I'm Lindsay Ferrier, a Nashville wife and mother with a passion for family travel, (mostly) healthy cooking, exploring Tennessee, and raising kids without losing my mind in the process. This is where I share my discoveries with you, along with occasional deep thoughts, pop culture tangents and a sprinkling of snark.
October 18, 2011
I am now entering Day Four of a family vacation to Chattanooga and Gatlinburg and I am learning by this experience that nothing will try your patience like your own children.
I mean, we’re having a blast– swimming in hotel pools, eating lots of ice cream, giggling our way through mirror mazes, shopping for souvenirs, and riding amusement park rides– but I’m not going to lie to you.
I need a break.
My children are four and seven-years-old, and sharing a single hotel room with them for four days running is… challenging. Their playtime turns into bickering about every 3-5 minutes. And even when they’re getting along, they’re bored! Hungry! Thirsty! They want to do this! And that! And then this again! And their motors run so much longer than ours. By 10:30 last night, my husband and I were ready to drop from exhaustion, but the kids were still laughing and squealing and going strong!
I NEED IT!
Suitably, yesterday I watched the latest video session in the online Beth Moore Bible study I’m doing with some of you right now (we took a week off last week so that we could all catch up on the homework, did you notice?)– and it was all about PATIENCE.
It could not have been more timely.
And here’s the nugget that I think all of you could use, no matter your belief system. Beth identified three major points about the people in our lives who try our patience:
It’s not very comfortable to admit that my own children make me feel this way, because I really do love them with everything that’s in me and they give me a lot of joy, but I do have to admit that all of these points are true at times when it comes to dealing with them. I think that every parent would agree with me, whether they’re raising toddlers or teens.
Emotionally backing off from a relationship with small children is an impossibility for most parents- They simply need us too much.
But having raised two stepdaughters, I can’t tell you how many parents I’ve seen back away from their children once the kids reach puberty. And looking at this list, I know that a large part of the reason that so many parents emotionally wash their hands of their kids at that point is that their children are trying their patience like no one has ever tried it before. And it’s rough. And it hurts. And it’s ugly. And as your own children reach that age, you’ll start encountering parents of their peers who ignore the 10:30 pickup time you set for your daughter’s sleepover, and don’t show up until 5 that afternoon. And parents who set no Internet limitations or filters whatsoever on their sixth grader, because it keeps him out of their hair. And parents who let their kids and their friends drink at their house or have boyfriends and girlfriends over for spend-the-nights, because it makes the parent-child relationship “less difficult.”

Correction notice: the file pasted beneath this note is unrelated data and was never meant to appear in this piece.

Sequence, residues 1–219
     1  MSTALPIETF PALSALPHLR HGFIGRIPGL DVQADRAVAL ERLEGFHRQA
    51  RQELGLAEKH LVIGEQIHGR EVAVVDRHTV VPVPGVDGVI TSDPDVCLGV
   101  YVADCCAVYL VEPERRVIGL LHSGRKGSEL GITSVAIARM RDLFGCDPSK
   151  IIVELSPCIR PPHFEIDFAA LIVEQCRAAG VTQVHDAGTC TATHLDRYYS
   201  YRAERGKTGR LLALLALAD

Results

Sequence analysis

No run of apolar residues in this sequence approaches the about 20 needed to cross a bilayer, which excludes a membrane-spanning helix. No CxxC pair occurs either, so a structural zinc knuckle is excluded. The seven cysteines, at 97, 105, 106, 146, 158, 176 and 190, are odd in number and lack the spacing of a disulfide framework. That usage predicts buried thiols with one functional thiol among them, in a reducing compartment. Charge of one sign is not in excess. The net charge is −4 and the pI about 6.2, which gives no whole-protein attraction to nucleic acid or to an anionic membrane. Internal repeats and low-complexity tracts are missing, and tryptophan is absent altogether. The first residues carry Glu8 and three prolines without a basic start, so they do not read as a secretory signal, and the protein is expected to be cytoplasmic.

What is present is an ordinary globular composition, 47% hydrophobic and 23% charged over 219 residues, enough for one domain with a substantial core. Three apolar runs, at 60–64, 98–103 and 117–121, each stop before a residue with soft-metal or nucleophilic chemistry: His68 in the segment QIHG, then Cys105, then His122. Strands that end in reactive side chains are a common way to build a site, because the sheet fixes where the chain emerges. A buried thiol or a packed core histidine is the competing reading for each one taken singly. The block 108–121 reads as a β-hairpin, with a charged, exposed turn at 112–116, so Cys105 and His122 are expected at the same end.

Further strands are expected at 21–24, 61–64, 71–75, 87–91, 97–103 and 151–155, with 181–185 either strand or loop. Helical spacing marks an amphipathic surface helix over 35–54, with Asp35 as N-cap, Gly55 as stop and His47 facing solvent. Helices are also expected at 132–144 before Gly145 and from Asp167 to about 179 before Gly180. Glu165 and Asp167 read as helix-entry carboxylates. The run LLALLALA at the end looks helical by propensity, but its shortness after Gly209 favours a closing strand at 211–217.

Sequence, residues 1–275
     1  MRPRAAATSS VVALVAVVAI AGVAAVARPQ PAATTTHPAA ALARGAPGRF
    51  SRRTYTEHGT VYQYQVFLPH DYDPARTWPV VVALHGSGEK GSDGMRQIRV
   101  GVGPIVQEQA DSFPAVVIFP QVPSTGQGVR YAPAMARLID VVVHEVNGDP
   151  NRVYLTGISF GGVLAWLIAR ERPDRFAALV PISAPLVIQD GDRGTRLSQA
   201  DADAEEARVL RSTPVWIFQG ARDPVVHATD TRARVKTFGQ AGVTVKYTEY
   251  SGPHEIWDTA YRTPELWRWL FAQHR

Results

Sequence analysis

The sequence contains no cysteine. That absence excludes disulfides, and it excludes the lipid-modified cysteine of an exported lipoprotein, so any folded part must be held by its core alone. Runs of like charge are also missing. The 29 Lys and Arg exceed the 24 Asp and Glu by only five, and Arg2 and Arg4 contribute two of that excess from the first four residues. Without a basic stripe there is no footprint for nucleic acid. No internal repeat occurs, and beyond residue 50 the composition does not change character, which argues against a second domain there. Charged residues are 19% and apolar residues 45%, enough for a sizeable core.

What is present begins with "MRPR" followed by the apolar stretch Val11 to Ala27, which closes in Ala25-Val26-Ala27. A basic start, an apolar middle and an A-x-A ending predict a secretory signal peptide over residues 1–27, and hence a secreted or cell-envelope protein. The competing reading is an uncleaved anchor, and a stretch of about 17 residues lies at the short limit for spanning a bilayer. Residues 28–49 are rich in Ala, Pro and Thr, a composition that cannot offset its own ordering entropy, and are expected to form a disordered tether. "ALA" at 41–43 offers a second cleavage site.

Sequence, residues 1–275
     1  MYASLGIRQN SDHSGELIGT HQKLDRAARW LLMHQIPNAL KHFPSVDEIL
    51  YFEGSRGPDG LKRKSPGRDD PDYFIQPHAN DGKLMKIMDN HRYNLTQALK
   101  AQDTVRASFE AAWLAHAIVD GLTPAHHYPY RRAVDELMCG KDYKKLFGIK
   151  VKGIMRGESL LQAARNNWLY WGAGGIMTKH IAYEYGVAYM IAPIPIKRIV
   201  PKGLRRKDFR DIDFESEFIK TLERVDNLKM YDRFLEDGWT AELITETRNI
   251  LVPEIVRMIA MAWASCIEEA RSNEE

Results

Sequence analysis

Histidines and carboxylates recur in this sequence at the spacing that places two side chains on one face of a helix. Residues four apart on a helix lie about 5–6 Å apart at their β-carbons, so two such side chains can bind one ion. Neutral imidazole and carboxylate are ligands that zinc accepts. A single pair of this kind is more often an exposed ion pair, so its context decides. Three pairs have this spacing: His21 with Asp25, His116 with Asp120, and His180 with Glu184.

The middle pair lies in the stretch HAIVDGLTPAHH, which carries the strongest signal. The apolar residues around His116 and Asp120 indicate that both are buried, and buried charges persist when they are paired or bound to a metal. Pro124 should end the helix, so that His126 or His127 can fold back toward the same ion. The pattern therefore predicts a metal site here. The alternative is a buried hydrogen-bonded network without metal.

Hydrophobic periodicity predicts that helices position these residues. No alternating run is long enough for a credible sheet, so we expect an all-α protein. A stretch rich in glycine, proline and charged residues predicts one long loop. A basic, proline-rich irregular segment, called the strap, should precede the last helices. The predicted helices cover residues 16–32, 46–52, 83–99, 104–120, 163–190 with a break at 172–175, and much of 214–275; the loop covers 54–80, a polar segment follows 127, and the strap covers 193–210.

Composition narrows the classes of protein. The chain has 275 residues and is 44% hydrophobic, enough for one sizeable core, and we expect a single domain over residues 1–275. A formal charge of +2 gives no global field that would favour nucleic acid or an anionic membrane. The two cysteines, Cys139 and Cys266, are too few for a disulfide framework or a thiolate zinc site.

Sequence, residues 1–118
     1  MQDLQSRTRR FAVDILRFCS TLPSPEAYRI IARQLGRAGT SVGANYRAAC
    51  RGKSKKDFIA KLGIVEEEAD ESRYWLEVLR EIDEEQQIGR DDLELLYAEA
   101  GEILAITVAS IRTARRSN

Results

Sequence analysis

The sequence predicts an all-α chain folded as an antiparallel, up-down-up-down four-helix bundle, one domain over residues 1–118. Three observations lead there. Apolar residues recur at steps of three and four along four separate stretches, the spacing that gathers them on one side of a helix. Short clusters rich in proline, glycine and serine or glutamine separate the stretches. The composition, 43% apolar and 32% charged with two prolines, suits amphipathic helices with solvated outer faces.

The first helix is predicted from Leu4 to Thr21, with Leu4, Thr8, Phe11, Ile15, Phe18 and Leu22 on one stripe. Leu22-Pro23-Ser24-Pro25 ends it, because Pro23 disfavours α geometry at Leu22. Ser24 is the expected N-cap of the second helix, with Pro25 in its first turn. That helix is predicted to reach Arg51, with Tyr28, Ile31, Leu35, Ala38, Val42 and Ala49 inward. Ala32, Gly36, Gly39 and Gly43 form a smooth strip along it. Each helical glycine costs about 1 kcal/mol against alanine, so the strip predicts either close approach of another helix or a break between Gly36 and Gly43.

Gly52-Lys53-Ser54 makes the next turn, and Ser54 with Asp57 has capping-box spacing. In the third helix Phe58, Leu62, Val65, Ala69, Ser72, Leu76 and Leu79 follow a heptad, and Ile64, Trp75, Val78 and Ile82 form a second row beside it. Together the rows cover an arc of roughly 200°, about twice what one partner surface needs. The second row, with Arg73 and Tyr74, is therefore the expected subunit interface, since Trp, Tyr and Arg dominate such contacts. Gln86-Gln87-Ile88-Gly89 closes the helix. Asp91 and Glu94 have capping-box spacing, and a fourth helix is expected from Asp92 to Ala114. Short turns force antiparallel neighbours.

These are just a few things I’ve seen over the last few years. It’s not pretty. And it’s not making it any easier on the parents who are toughing out the rough years and not backing down from their convictions and commitment to their kids, no matter how much it hurts.
Patience. We’re going to need endless amounts of it before our kids are on their own!
Beth’s point in the video session is that as Christians, we are scripturally called to have community with one another. We’re designed to get involved with others and to have relationships. And when there are relationships, there is friction. There will be squabbles and disagreements and our patience will be sorely tested, whether they’re our children or our friends or co-workers.
Our natural inclination is to back off of the more troublesome relationships. Women are especially good at this- How many of us have just kind of shut out the other women in our lives who’ve had a disagreement with us, or who simply get on our nerves?
But Beth made a really interesting point- The relationships that try our patience the most can be precisely the ones that refine us, and make us better people. Beth says that God uses these trying relationships to help us identify our own failings and eliminate them. I believe this, but I think that even if you are not a Christian, you could see the wisdom in this. Your best relationship at the end of the road- the one that created the most positive changes in you– might not have been your easiest relationship.
It might be the one that most tested your patience.
Of course, there are certain relationships that should be abandoned because they involve physical or emotional abuse or because they’re toxic to you and your family. But I think you’d agree that most of your troubled relationships simply fall into the “irritating” or “difficult” category.
I want to remember Beth’s points particularly as my children grow older. As much as I love them, I’m sure that there will be times as they get older when I’m emotionally tempted to pull back and to protect my heart. I want to remember at those times that the pain is exactly what could be giving me more compassion with others, more empathy, more PATIENCE– and turning me into the person I’m longing to be.
What do you think?
*We’re in the fifth week of Beth Moore’s “Living Beyond Yourself” online study, but you can join at any time and go at your own pace. For more information on how to do that, go here.
*And if you’d like to join my Facebook group for women doing the study right now, e-mail me at email@example.com and I’ll add you to the group!
Image via Stephanie Zens/Flickr